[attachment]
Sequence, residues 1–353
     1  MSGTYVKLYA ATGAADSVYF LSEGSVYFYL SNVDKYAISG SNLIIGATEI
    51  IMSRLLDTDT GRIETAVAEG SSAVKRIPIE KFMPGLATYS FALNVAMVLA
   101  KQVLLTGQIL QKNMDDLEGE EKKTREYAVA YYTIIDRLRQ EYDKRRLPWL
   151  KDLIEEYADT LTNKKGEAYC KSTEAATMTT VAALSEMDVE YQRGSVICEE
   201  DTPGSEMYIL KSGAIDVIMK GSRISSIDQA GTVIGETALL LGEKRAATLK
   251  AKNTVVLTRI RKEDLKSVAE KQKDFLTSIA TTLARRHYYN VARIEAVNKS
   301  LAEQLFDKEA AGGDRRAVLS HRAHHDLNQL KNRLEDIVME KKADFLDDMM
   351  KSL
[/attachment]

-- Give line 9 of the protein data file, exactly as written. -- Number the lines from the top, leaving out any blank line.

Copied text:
   351  KSL